Hero is a deviation of a sorts for Zhang Yimou, a director who used melodrama and Gong Li to popular effect throughout the ‘90s and who has yet to outperform the success of his Red Sorghum and Raise the Red Lantern. Now, Miramax is positioning the orgiastic Hero as Zhang’s daring answer to Ang Lee’s dopey Crouching Tiger, Hidden Dragon. The film is less narratively underwhelming but it’s infinitely more dazzling and spiritually profound. Crouching Tiger‘s critical reception was curious at best: Armond White called Lee’s imitation of Hong Kong cinema a sincere form of flattening; Kent Jones and Michael Atkinson suggested that the film could be enjoyed regardless of one’s relationship to its more authentic precursors like Peking Opera Blues; while J. Hoberman, most tellingly, placed “the fight scenes” from the film on his top 10 runner-up list for that year. Hero is essentially a chamber piece and it employs a Rashomon-like narrative mechanism throughout its 90 minutes that’s every bit in service of the film as its sumptuous mise-en-scène, delirious pacing, and eye-popping aerial effects. If Crouching Tiger was lavishly soporific, Hero is almost invasively mood-enhancing. Jet Li stars as Nameless, a warrior who may or may not be conspiring against a Qin warlord with the help of his three would-be assassins (the all-star triad is played by Donny Yen, Maggie Cheung, and Tony Leung Chiu Wai). Hero is alive with Chinese history, electrified by the dizzying sensuality of its convoluted love triangle, and ennobled by its acknowledgement of basic Taoist principles (indeed, trust is the film’s weapon of choice). Heavily psychological, the color-coded set pieces are paced like musical numbers and suggest the film’s art department and superstar cinematographer Chris Doyle are feng shui enthusiasts, and while green curtains seem to exist solely so they could fall deliriously to the ground, there’s still an overwhelming sense here that the power of the sword is inextricably linked to the forces of color and nature. Hero is elliptical, primal, radically disjointed, and female-empowering. Everything a wu xia should be…and then some.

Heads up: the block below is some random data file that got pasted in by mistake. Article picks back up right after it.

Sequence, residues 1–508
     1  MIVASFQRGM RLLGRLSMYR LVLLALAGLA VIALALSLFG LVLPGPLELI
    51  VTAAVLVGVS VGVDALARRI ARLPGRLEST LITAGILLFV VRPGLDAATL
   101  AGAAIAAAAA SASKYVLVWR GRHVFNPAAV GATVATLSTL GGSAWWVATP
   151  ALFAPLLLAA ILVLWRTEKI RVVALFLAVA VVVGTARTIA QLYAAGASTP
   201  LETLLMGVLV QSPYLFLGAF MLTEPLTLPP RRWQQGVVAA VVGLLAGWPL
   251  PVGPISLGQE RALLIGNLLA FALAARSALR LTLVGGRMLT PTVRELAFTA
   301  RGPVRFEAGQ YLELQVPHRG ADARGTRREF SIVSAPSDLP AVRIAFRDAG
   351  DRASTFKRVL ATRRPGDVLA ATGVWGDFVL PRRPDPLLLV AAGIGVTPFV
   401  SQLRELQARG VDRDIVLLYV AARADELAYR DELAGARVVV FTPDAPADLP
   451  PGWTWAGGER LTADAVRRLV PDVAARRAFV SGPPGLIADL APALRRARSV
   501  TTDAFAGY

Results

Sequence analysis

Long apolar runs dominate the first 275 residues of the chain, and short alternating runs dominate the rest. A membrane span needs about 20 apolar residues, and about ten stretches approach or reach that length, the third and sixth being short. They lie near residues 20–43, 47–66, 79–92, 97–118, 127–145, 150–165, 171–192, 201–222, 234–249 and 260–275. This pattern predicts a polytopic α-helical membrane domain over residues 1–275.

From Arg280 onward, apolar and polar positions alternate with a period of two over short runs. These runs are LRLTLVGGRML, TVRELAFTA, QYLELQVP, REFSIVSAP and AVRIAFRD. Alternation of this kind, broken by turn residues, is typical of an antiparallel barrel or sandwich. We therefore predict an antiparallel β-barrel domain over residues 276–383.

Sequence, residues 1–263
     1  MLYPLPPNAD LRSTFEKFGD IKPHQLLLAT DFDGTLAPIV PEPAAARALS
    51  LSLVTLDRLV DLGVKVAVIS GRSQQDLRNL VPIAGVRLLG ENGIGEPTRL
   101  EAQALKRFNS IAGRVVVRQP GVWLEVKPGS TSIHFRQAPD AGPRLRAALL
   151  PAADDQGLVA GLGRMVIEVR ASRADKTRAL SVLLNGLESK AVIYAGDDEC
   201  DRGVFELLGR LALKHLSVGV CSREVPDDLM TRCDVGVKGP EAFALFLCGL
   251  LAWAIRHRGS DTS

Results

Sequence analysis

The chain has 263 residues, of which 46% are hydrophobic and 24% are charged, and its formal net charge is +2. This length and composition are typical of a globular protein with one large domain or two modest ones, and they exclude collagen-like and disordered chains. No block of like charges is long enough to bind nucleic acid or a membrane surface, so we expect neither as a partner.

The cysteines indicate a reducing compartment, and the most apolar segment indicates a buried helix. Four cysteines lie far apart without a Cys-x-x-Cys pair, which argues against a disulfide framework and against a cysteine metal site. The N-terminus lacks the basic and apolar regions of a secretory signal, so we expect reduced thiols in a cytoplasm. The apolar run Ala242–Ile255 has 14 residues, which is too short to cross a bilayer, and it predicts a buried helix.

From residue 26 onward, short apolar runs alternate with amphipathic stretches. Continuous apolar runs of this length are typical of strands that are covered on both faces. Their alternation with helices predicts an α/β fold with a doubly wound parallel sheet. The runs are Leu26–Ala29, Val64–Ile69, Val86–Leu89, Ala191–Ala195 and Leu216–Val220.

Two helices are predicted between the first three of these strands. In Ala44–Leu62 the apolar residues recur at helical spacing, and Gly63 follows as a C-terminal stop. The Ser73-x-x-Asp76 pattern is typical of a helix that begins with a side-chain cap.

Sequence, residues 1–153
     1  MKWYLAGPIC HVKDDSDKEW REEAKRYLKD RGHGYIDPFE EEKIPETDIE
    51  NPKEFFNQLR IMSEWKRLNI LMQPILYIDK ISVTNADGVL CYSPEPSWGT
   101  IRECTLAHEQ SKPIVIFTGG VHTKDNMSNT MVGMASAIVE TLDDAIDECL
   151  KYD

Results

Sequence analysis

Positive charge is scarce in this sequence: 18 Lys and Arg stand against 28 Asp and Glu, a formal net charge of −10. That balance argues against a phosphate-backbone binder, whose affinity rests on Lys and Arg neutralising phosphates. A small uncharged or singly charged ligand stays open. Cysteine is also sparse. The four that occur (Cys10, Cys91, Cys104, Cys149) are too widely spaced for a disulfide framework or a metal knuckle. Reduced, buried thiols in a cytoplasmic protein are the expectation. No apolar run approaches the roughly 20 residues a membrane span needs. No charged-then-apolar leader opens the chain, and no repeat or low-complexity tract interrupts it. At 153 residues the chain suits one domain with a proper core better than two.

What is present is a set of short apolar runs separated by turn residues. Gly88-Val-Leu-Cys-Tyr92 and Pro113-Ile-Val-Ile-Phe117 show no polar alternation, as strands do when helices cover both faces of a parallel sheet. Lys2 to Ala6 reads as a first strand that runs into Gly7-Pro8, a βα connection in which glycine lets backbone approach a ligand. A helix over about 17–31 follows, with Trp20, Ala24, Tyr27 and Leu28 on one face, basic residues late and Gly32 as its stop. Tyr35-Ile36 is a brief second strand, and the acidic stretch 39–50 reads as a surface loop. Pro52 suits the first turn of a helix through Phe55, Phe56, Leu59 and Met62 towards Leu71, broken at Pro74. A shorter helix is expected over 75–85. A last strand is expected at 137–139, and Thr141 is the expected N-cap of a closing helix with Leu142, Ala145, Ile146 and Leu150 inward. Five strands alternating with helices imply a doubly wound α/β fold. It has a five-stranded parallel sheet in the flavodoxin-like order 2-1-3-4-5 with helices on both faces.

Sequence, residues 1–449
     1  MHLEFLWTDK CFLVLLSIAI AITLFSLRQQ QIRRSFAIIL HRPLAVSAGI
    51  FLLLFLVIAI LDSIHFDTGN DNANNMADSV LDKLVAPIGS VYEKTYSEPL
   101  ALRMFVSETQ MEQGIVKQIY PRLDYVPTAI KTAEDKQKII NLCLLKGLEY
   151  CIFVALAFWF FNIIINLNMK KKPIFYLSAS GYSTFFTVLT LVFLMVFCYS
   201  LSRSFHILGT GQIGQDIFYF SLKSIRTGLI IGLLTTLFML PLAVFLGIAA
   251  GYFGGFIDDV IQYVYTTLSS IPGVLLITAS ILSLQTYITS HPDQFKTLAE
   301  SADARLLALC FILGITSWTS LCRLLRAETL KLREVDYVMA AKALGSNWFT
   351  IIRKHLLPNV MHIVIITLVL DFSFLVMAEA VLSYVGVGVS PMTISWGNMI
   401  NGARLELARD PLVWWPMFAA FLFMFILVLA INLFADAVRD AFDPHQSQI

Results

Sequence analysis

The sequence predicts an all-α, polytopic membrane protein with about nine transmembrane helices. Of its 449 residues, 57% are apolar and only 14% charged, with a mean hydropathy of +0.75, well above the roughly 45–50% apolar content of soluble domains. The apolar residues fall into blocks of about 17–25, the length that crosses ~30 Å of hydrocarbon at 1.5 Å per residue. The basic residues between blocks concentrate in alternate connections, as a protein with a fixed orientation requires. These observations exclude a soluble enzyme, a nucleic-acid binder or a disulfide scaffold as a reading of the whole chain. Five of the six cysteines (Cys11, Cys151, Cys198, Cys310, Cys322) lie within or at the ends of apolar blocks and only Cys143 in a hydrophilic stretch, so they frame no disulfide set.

Hero is a film of startling aesthetic contrasts, so don't be surprised by the level of grain and less-than-desirable blacks throughout its more monochrome sequences-when Christopher Doyle's succulent pageantry of colors kicks things into high gear, the beauty of this transfer becomes apparent. If at all possible, the sound is superior. If your system-and ears-can handle it, opt for the 5.1 DTS track: As soon as the stomping sounds of a marching army intertwine with the flapping of their flags, your jaw will drop to the floor.
It's amusing how Miramax continues to allow their foreign properties to collect dust. Infinitely funnier is how they insist on tricking audiences into thinking that every Asian import they release is a product of Quentin Tarantino's imagination. Indeed, you'll have to strain real hard to find Zhang Yimou's name on this Hero DVD's artwork (Tarantino's appears no less than three times). Though the "Hero Defined" feature threatens to be a whitewashed account of the making of the film, it's actually a very insightful piece, featuring interviews with much of the cast and crew. (Now, imagine how much better it would have been if they nixed the cloying "movie trailer guy" voiceover.) I can't tell you how good "Inside the Action: A Conversation with Quentin Tarantino and Jet Li" is because I was shocked by how much weight Tarantino has put on in the last year. Rounding out the disc are four storyboard sequences and a soundtrack spot.
The extras are scarce but Quentin Tarantino's, err, Zhang Yimou's Hero gets the video/audio treatment it finally deserves.